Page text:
Day 29


The people stood watching, and the rulers even sneered at him. They said, “He saved others; let him save himself if he is God’s Messiah, the Chosen One.” The soldiers also came up and mocked him. They offered him wine vinegar and said, “If you are the king of the Jews, save yourself.” There was a written notice above him, which read: this is the king of the Jews.

Luke 23:35-38

Luke’s lens now turns to the watching crowd, amongst whom many of the leaders of the people stood sneering. “He saved others; let him save himself if he is God’s Messiah.” Yes, Jesus had delivered many people of disease during his short life. But how could he be God’s Messiah, the one who would deliver the nation, if he was now helplessly nailed to a cross, unable to save himself? The notion of him being Messiah was simply ridiculous.

The mockery was catching. Soon the soldiers were offering him wine vinegar to drink and calling out, “If you are the king of the Jews, save yourself.” They didn’t know anything about Jesus being Messiah so they simply focussed on the claim that this man was the King of the Jews. Once again the idea was ridiculous. A king who couldn’t save himself wasn’t a real king. To underline the absurdity of it all, they nailed an inscription on the cross: “This is the King of the Jews” – or perhaps better, “The King of the Jews this.”

One day, as Jesus had already taught his disciples, the world will discover that Jesus is indeed the true King. He will return with an outward display of power and glory that the world has not yet witnessed. But we should stay with Luke’s description of the mockery for a moment longer for it serves to underline that on his first coming into our world Jesus had never any intention of setting up an outward, political kingdom in competition with the kingdoms of Herod, Pilate or Caesar. They were mocking him for something he had never claimed to have come to do.

Why then had he come? He had come to die. He had come to lay down his life, at Passover time in Jerusalem, as the true Passover Lamb: God’s provision for the sin of the world.

Any attempt to turn Christianity or the Christian church into an earthly, political kingdom to rival other political kingdoms is completely and tragically misplaced. It reveals a basic misunderstanding of our most urgent need. It is in the end a ludicrous response because it simply doesn’t answer the question of what fundamentally is wrong with the human condition.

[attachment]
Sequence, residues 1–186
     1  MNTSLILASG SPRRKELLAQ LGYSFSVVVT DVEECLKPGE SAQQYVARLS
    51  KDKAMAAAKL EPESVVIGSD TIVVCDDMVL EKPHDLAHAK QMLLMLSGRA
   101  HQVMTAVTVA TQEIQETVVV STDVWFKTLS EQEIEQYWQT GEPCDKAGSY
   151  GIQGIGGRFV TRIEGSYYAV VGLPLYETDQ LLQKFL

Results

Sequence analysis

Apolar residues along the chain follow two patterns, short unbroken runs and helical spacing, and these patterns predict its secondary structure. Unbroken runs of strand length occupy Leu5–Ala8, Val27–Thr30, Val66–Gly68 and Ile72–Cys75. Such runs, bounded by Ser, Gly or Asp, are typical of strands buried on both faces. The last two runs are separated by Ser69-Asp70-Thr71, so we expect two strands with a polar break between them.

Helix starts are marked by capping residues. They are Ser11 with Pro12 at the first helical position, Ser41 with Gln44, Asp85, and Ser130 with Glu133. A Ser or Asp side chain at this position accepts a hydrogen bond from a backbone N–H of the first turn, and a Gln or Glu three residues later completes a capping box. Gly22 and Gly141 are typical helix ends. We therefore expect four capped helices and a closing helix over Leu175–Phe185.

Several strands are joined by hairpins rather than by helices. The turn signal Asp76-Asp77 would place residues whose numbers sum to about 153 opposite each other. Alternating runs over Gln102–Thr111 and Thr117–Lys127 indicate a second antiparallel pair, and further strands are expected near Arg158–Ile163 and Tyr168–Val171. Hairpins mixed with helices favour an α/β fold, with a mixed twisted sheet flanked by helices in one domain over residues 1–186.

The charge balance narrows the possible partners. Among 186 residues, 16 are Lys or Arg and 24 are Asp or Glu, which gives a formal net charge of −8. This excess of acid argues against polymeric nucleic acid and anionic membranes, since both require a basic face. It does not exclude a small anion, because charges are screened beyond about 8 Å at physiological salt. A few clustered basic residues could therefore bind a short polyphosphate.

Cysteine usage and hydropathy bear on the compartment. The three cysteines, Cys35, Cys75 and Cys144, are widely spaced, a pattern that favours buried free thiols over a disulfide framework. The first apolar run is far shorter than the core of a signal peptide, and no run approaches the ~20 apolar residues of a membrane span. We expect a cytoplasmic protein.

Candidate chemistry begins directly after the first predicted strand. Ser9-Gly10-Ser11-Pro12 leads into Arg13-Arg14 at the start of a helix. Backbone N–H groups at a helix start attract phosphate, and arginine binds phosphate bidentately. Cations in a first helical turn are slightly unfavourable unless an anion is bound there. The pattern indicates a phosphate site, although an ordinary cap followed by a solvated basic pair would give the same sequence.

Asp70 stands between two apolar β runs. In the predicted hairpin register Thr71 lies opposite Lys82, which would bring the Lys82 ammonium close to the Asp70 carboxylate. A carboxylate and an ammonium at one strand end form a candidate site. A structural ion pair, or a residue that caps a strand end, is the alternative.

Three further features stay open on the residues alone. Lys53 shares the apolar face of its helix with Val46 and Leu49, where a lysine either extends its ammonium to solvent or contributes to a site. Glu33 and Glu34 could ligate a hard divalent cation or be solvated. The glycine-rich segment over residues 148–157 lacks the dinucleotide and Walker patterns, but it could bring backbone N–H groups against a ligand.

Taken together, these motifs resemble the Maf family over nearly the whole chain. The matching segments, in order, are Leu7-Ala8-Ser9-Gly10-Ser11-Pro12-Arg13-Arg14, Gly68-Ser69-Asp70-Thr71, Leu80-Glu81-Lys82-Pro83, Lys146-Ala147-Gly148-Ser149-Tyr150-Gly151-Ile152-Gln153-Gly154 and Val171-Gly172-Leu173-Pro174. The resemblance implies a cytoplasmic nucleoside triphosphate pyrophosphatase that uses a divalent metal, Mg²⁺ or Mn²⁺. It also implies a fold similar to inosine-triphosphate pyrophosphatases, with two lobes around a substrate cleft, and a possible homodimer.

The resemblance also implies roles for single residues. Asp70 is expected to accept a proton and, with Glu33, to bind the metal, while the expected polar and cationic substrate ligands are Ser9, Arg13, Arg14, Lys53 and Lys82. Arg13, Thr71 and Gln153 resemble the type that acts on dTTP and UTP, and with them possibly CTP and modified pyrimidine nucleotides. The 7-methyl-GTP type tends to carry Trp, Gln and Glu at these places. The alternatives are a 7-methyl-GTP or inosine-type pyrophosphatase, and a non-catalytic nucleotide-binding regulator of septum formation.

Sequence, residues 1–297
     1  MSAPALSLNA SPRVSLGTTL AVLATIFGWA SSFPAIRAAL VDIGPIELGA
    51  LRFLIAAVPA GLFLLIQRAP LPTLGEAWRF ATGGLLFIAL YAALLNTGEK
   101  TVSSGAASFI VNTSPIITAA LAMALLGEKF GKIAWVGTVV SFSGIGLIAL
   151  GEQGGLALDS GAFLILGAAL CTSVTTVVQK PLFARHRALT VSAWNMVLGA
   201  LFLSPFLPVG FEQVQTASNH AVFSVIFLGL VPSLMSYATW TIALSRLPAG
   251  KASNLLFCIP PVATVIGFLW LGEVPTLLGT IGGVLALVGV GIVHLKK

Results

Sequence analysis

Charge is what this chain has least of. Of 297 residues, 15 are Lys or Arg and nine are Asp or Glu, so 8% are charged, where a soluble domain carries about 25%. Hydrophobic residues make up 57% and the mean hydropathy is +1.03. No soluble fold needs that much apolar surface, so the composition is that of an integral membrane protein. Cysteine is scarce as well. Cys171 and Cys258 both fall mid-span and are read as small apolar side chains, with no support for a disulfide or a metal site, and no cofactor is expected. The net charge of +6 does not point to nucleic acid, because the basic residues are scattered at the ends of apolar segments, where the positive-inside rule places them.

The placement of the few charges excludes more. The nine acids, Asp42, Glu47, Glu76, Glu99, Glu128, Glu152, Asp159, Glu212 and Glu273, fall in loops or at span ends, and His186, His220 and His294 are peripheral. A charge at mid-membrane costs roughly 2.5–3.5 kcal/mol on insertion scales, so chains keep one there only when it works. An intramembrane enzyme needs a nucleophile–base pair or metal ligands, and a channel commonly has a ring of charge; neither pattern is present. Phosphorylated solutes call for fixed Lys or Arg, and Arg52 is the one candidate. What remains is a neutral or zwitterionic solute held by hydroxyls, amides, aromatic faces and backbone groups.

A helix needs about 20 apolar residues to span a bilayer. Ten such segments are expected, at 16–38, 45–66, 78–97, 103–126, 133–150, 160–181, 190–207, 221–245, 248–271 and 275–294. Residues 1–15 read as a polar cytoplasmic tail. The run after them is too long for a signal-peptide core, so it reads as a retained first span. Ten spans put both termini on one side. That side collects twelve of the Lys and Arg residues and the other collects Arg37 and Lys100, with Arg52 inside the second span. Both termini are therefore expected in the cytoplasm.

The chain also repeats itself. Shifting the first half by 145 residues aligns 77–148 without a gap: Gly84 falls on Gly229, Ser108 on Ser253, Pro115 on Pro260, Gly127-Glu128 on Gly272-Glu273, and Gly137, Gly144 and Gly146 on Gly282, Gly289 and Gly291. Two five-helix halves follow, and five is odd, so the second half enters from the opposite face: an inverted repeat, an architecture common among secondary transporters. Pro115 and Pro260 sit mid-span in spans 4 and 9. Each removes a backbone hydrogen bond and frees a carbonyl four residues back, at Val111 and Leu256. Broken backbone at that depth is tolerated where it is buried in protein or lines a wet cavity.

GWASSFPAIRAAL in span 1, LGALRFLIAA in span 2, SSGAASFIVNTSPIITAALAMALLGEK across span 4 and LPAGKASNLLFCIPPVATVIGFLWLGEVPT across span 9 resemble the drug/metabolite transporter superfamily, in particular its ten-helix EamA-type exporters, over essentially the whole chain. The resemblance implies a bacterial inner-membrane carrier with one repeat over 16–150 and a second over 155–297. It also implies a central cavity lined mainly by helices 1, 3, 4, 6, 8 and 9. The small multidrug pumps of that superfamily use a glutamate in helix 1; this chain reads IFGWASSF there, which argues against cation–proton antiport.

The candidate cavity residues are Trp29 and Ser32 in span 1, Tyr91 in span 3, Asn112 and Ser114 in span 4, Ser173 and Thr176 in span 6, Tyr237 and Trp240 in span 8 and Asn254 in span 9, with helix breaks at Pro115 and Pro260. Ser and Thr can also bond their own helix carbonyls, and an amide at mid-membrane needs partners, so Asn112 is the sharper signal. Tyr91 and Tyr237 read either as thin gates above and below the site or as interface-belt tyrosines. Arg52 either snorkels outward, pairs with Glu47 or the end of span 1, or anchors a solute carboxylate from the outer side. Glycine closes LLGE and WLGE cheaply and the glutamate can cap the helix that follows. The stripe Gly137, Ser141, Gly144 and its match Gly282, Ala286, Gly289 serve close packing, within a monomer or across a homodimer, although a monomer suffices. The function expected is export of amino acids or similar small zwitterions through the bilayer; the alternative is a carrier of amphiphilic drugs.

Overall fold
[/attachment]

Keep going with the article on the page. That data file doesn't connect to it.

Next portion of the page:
Certainly all could do with better governance, improved health and welfare provision, more reliable infrastructure, better education available for all, proper management of the environment, safer communities, economic fairness and stability and much more. And it is important both to work towards these things and to support those who are doing so. But there is a much deeper issue and that is the problem of the human heart in its rebellion against the Creator.

We live in a moral universe. We have rebelled against God. In doing so we have denied his rights as Creator and have also denied the very grounds of our own existence and our own humanity. We have lived a lie, that the universe somehow created us and that it is up to us to define ourselves and create our own meaning. This rebellion had inevitably brought enormous damage upon ourselves and upon our environment because we were never designed to live the way we are living. To walk away from the light is to walk into the dark. In addition, in our moral universe sin incurs guilt. We have brought upon ourselves the righteous wrath of God.

To mock Jesus as the soldiers and the leaders did, and as many still do, for not being able to save either his nation or himself from his enemies is completely misplaced. He did not come to save himself. He came to save us. He did not come to deliver Israel politically, overthrow the Romans and set up his own political empire. He came to lay down his life as a sacrifice for our sin, to deliver us from guilt and the wrath of God. Christ’s death makes forgiveness possible and real.

How can that forgiveness be made real to us? Tomorrow’s reading will provide some answers.

Gilbert Lennox